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A bipartisan budget deal would repeal part of the Affordable Care Act. Photo: Tom Williams/CQ Roll Call

Everybody wants to control health care costs — until it’s time to actually control health care costs.

Driving the news: The bipartisan budget deal unveiled yesterday in the Senate would repeal the Affordable Care Act’s Independent Payment Advisory Board. It’s merely the most recent time Congress has voted, with bipartisan support, to chip away at programs that aimed to slow the growth in health care spending, or at least help balance the federal checkbook.

The impact: Repealing the IPAB takes away what was initially seen as one of the ACA’s most significant cost-control measures.

  • The IPAB was conceived as an independent, expert board that would make targeted reductions in Medicare payments to doctors, hospitals and other providers — it’s legally prohibited from directly cutting benefits — if the program’s overall spending grows faster than a prescribed rate.
  • No one has ever been appointed to the IPAB, and Medicare spending hasn’t grown fast enough to trigger it, anyway.
  • Still, it’s never sat especially well with lawmakers, who saw it as a usurpation of their power. And providers have always hated it, because its whole purpose is to cut their payments.

It’s not just the IPAB.

  • The budget deal also would "slow down federal efforts to hold providers accountable for reducing Medicare costs," Modern Healthcare reports.
  • Congress has repeatedly agreed to delay the ACA’s tax on expensive employer-based health plans. That’s also a cost-control measure — one of the law’s most powerful, in fact.
  • Under former secretary Tom Price, and with many congressional Republicans’ support, the Health and Human Services Department rolled back several ACA-based pilot programs that sought to control health care spending.
  • Lawmakers have also agreed to delay or freeze the law’s taxes on medical devices and health insurers — which weren’t necessarily designed to control health care costs, but which nevertheless helped make the ACA a net deficit-reducer for the federal government.

The bottom line: One person’s cost control is another person’s pay cut — and that fact will always complicate the execution of these ostensibly shared goals.

Go deeper

2 hours ago - World

World leaders react to "new dawn in America" under Biden administration

President Biden reacts delivers his inaugural address on the West Front of the U.S. Capitol on Wednesday. Photo: Alex Wong/Getty Images

World leaders have pledged to work with President Biden on issues including the COVID-19 pandemic and climate change, with many praising his move to begin the formal process for the U.S. to rejoin the Paris Climate Agreement.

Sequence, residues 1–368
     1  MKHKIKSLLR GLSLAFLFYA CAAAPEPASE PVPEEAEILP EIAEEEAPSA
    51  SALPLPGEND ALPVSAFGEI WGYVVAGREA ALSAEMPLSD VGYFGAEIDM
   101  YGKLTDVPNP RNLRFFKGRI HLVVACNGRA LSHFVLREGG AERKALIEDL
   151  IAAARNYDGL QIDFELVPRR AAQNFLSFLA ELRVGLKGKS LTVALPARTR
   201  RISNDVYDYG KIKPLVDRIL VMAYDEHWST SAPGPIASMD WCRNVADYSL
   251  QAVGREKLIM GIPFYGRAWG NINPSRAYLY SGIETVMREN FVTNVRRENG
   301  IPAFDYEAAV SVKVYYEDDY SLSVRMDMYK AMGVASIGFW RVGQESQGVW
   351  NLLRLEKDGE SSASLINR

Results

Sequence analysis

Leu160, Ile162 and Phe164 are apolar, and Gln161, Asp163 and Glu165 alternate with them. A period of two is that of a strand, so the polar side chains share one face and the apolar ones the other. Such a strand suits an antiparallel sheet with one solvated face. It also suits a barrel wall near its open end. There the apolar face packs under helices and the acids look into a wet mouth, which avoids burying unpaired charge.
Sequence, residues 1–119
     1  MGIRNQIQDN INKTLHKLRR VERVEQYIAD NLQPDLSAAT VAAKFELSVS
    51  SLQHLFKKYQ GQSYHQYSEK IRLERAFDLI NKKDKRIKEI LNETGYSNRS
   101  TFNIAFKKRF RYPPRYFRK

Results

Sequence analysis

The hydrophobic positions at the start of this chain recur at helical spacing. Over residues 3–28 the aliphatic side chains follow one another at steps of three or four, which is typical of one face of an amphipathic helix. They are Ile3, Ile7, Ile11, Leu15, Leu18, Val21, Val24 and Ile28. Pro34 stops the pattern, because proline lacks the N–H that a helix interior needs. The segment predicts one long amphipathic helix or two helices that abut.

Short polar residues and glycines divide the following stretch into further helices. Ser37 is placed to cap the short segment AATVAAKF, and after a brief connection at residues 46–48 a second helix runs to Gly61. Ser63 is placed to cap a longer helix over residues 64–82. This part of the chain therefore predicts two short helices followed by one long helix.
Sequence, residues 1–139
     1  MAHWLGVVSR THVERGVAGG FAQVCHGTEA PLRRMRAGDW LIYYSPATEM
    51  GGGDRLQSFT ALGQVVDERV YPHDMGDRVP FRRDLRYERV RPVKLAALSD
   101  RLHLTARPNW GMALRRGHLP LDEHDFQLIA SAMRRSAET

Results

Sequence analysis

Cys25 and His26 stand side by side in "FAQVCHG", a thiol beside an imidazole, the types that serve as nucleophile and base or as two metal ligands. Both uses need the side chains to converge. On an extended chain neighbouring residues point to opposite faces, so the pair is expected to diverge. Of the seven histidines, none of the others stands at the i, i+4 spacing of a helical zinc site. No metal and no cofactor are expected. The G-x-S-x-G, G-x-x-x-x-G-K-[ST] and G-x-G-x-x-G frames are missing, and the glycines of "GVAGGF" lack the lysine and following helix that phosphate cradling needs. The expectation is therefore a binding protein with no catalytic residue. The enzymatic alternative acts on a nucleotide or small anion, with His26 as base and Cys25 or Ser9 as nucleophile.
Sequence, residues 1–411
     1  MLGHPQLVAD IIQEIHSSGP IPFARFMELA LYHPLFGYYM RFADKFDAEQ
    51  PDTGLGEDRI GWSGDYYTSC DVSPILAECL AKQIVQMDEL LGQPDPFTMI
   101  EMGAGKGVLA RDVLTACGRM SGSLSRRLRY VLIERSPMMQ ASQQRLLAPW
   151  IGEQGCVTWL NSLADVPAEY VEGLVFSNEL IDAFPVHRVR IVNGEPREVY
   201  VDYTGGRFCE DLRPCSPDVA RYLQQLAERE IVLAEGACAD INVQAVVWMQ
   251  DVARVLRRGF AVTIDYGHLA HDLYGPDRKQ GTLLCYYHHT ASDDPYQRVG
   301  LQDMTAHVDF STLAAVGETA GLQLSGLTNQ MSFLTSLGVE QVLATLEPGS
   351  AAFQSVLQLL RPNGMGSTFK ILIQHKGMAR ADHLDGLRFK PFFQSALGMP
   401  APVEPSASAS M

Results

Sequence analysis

The big picture: Several leaders noted the swift shift from former President Trump's "America First" policy to Biden's action to re-engage with the world and rebuild alliances.

Updated 5 hours ago - Politics & Policy

In photos: The Biden and Harris inauguration

President Biden and first lady Jill Biden watch a fireworks show on the National Mall from the Truman Balcony at the White House on Wednesday night. Photo: Chip Somodevilla/Getty Images

President Biden signed his first executive orders into law from the Oval Office on Wednesday evening after walking in a brief inaugural parade to the White House with first lady Jill Biden and members of their family. He was inaugurated with Vice President Kamala Harris at the U.S. Capitol on Wednesday morning.

Why it matters: Many of Biden's day one actions immediately reverse key Trump administration policies, including rejoining the Paris Agreement and the World Health Organization, launching a racial equity initiative and reversing the Muslim travel ban.

Republicans pledge to set aside differences and work with Biden

President Biden speaks to Sen. Mitch McConnell after being sworn in at the West Front of the U.S. Capitol on Wednesday. Photo: Erin Schaff-Pool/Getty Images

Several Republicans praised President Biden's calls for unity during his inaugural address on Wednesday and pledged to work together for the benefit of the American people.

Why it matters: The Democrats only have a slim majority in the Senate and Biden will likely need to work with the GOP to pass his legislative agenda.